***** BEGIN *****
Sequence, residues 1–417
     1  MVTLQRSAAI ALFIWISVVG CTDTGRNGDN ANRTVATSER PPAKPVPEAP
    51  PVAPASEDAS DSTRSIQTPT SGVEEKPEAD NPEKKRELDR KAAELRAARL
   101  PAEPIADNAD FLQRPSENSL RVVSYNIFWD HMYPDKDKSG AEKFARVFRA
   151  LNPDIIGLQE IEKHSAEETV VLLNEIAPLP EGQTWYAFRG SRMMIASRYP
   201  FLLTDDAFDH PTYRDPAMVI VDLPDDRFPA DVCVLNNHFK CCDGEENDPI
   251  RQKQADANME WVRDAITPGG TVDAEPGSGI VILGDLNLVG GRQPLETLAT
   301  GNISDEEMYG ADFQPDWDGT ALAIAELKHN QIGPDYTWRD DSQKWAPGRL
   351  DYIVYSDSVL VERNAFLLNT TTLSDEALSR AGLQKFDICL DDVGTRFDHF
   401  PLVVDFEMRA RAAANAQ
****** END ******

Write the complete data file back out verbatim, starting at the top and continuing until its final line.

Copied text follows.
Sequence, residues 1–417
     1  MVTLQRSAAI ALFIWISVVG CTDTGRNGDN ANRTVATSER PPAKPVPEAP
    51  PVAPASEDAS DSTRSIQTPT SGVEEKPEAD NPEKKRELDR KAAELRAARL
   101  PAEPIADNAD FLQRPSENSL RVVSYNIFWD HMYPDKDKSG AEKFARVFRA
   151  LNPDIIGLQE IEKHSAEETV VLLNEIAPLP EGQTWYAFRG SRMMIASRYP
   201  FLLTDDAFDH PTYRDPAMVI VDLPDDRFPA DVCVLNNHFK CCDGEENDPI
   251  RQKQADANME WVRDAITPGG TVDAEPGSGI VILGDLNLVG GRQPLETLAT
   301  GNISDEEMYG ADFQPDWDGT ALAIAELKHN QIGPDYTWRD DSQKWAPGRL
   351  DYIVYSDSVL VERNAFLLNT TTLSDEALSR AGLQKFDICL DDVGTRFDHF
   401  PLVVDFEMRA RAAANAQ